Often while working with APIs we will need to have different setups. For example, our local machine, the development server or the production API. Environments give us the ability to customize requests using variables. We need not worry about remembering all the values once they are in POSTMAN saved in an environment. As an add on there is a capability to download the environments and can be saved as a JSON file. Environments also help you separate sensitive data from your collection like keys and passwords. This feature helps us to switch the context quickly basing on the server we are working on.

4. Built-in authentication helpers

Postman supports Basic Auth, Digest Auth and OAuth 1 helpers. It becomes easier with POSTMAN while dealing with different types authentications like Digest Auth which are bit complicated than Basic Auth due its flexible interface.

Example:

Postman example

In the above example I am trying to get the "mentions" of my twitter timeline. I am using Oauth 1.0 to authenticate the API. Once I select the OAuth 1.0 in the "type of authentication" it shows up the Keys and we can fill up the values over there. The next part contains the URL and the URL params. We may tend to change the count value and since_id to test the API, it becomes simple when we try to fill those values in the URL params. The left side bar is my collection, which contains different API requests.

Bonus Stuff: API management software

An API management software always increases the productivity. Every day an API can receive a thousand or potentially millions of requests. Before the API processes those requests it has to deal with some important functionalities:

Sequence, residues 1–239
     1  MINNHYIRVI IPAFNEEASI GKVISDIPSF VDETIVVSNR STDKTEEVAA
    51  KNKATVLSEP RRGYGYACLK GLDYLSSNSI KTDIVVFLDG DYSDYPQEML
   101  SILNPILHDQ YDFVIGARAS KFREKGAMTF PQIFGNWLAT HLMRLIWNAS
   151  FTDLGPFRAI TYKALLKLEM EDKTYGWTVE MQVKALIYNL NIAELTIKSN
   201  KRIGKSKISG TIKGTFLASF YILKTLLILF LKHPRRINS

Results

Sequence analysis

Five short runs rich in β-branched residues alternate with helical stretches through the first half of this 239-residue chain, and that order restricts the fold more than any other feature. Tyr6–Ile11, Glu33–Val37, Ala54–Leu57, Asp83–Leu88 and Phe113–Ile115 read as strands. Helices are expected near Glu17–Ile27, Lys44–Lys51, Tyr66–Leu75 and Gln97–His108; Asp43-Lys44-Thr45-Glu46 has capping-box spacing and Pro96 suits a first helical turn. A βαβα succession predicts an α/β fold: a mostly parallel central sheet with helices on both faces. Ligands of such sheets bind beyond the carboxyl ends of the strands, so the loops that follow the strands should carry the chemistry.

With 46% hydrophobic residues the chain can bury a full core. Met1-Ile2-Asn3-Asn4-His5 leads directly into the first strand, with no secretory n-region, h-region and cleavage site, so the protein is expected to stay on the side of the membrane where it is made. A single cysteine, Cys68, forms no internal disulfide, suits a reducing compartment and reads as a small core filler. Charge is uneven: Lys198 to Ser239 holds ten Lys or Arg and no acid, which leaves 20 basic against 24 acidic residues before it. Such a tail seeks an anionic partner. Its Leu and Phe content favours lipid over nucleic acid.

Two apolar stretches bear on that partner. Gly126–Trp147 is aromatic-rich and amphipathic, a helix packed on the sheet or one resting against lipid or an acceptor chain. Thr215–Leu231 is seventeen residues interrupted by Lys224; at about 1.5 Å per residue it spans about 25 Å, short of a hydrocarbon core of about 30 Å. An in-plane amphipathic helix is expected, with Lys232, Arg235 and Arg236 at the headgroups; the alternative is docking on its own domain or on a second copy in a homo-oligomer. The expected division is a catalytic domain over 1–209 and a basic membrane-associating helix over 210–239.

1. Identity/ Authentication
  2. Traffic controls
  3. Rate limiting
  4. Performance
  5. Security
  6. Scalability
  7. Filtering
  8. Encryption
  9. Logging, etc.,

Once the above things are handled perfectly, we can accomplish our goal. To deal with them service providers like APIGEE, 3scale and Mashery came into the picture. The important service they provide is API proxy. An API proxy can protect API's against attack and misuse. They have the capability to translate between JSON and XML. They also can track the API usage and performance.

Let's create a proxy using 3scale to get an idea of using the proxy.

  1. Create an account on 3scale. http://www.3scale.net/logmein/
  2. Setup the application
  3. Declare the API backend, i.e. the endpoint host of our API. The proxy will direct all traffic from sandbox development endpoint after processing authentication, authorization, rate limits and statistics.
  4. Turn on the sandbox proxy
  5. Go to the Applications tab and get the credentials i.e the user_key.
  6. Now we can access the sandbox endpoint which may look something like this http://api.2445579856672.proxy.3scale.net/ from the dashboard.

Added to that we can also create mapping rules for every request by specifying the Rule and patterns of the request so that we can test a specific request functionality and whether the endpoint is working properly or not form 3scale itself.

The API management software service providers like APIGEE, 3scale also provide different services like Analytics services, API consoles, API modelling, API management etc.,